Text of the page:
In a written statement released last week, the company said its new subsidiary wwas established with an investment from a Chinese government fund that provides funding for EWP's first 100 KW grid connected plant, to be completed by the end of the year.
"We believe that China is being very innovative by replacing some of its coal and other polluting methods with renewables such as solar, wind and now wave energy," said company founder and CEO David Leb. "Suzhou Eco Wave Power Technology is happy to be part of China's renewable energy mix, and we are hoping that other countries will follow."
Suzhou Eco Wave Power Technology was able to secure consent to construct a pilot plant in Zhoushan Island, and is in advanced negotiations regarding additional 50 MW projects in Zhejiang. EWP's commercial scale power plant will be the first of its kind.
Suzhou Eco Wave Power Technology is part of EWP's corporation, which was established in 2011 and became a significant player in the wave energy industry with a current pipe-line of 99MW, 50MW of which are planned to be in China. EWP's technology won the Frost & Sullivan Innovation Award, the Energy Globe Award and additional recognitions worldwide.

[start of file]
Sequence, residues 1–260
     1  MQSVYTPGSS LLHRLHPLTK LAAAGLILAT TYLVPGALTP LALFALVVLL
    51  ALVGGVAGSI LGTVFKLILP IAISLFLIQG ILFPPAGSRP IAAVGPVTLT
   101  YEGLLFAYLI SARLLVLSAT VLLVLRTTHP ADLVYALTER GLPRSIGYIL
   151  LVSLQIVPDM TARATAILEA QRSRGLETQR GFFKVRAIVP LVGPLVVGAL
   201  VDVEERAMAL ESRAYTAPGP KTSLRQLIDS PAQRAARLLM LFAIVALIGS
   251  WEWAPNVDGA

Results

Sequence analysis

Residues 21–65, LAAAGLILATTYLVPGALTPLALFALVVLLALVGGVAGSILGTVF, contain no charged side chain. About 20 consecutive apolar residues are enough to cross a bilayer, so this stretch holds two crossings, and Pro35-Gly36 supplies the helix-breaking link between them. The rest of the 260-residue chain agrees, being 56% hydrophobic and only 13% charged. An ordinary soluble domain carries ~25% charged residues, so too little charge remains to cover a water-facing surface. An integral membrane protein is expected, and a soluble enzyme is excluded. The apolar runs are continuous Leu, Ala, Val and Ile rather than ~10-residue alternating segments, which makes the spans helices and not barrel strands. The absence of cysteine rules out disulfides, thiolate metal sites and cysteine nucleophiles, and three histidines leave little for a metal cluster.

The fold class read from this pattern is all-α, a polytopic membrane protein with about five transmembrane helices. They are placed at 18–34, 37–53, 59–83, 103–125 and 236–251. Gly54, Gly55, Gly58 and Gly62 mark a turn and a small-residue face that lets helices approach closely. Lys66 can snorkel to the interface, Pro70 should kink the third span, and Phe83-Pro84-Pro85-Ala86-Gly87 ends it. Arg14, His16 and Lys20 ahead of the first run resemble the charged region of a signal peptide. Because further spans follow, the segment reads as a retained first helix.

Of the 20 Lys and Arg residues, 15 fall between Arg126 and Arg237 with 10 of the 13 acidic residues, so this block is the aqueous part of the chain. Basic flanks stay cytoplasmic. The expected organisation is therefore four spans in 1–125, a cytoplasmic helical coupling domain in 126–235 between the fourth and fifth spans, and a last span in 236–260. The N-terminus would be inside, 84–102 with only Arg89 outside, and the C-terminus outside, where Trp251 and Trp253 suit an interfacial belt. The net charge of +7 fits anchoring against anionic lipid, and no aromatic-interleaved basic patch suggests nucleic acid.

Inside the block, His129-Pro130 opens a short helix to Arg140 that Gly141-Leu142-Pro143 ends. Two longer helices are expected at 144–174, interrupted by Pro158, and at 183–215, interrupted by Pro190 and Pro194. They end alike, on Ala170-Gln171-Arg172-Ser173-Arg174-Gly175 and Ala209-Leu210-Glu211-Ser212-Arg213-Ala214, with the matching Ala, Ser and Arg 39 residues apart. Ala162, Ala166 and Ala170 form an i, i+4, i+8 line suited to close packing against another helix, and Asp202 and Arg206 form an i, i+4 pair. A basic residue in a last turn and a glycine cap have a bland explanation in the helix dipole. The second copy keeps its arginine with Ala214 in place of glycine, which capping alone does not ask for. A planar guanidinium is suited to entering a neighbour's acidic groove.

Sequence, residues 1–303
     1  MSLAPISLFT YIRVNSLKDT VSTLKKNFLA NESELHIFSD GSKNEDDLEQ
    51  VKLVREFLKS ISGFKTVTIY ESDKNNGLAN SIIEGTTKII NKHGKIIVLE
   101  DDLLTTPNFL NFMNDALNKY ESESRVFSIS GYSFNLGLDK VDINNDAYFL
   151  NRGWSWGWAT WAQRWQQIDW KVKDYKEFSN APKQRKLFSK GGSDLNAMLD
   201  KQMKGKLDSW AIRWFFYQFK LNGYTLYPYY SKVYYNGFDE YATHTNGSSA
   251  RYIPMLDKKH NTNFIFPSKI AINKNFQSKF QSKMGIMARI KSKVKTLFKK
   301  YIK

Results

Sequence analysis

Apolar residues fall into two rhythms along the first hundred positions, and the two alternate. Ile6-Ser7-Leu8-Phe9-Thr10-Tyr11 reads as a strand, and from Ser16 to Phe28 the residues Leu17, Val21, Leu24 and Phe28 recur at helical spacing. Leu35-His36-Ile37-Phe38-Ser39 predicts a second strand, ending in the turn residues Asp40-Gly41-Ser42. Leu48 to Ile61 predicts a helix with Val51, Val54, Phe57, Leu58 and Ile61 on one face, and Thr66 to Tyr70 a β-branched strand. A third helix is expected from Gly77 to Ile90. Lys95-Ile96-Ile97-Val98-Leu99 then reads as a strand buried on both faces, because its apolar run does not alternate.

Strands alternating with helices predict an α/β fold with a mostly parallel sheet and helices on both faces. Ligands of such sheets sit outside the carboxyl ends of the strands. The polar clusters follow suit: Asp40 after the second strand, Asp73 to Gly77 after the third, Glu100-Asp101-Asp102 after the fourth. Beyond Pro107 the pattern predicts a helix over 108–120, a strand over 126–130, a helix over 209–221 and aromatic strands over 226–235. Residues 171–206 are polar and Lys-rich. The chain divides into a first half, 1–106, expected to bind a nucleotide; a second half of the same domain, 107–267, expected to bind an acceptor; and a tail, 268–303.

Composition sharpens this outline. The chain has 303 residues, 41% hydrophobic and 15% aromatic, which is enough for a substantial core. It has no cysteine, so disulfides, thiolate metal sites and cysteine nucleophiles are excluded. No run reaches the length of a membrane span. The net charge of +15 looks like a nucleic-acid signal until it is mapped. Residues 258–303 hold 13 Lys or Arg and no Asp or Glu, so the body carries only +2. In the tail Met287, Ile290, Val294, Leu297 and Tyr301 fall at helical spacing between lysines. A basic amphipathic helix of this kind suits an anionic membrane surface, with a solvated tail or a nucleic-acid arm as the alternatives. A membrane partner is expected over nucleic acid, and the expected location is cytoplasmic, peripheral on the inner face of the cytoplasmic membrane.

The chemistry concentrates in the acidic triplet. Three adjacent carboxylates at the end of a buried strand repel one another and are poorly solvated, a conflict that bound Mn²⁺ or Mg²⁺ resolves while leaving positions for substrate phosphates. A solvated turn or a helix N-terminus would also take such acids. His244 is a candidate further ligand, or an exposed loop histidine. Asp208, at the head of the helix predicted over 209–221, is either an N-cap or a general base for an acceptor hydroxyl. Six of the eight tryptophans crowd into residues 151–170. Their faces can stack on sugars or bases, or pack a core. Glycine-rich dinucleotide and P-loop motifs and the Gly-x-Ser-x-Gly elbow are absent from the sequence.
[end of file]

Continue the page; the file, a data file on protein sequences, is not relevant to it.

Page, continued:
With over 18,000 km of coastline and approximately 6500 islands, China is believed to be one of the biggest markets for wave energy. The theoretical mean power of wave energy resources along China's coasts reaches 12852.2 MW, with most massive resources in Taiwan, Zhejiang, Guangdong, Fujian and Shandong.
Previous testing of Hydraulic systems in actual sea environment in China showed that conversion efficiency of Hydraulic system is higher than 50 percent (as compared to 15 percent -20 percent of wind and solar), and the quality of the output power can be used directly. For additional information: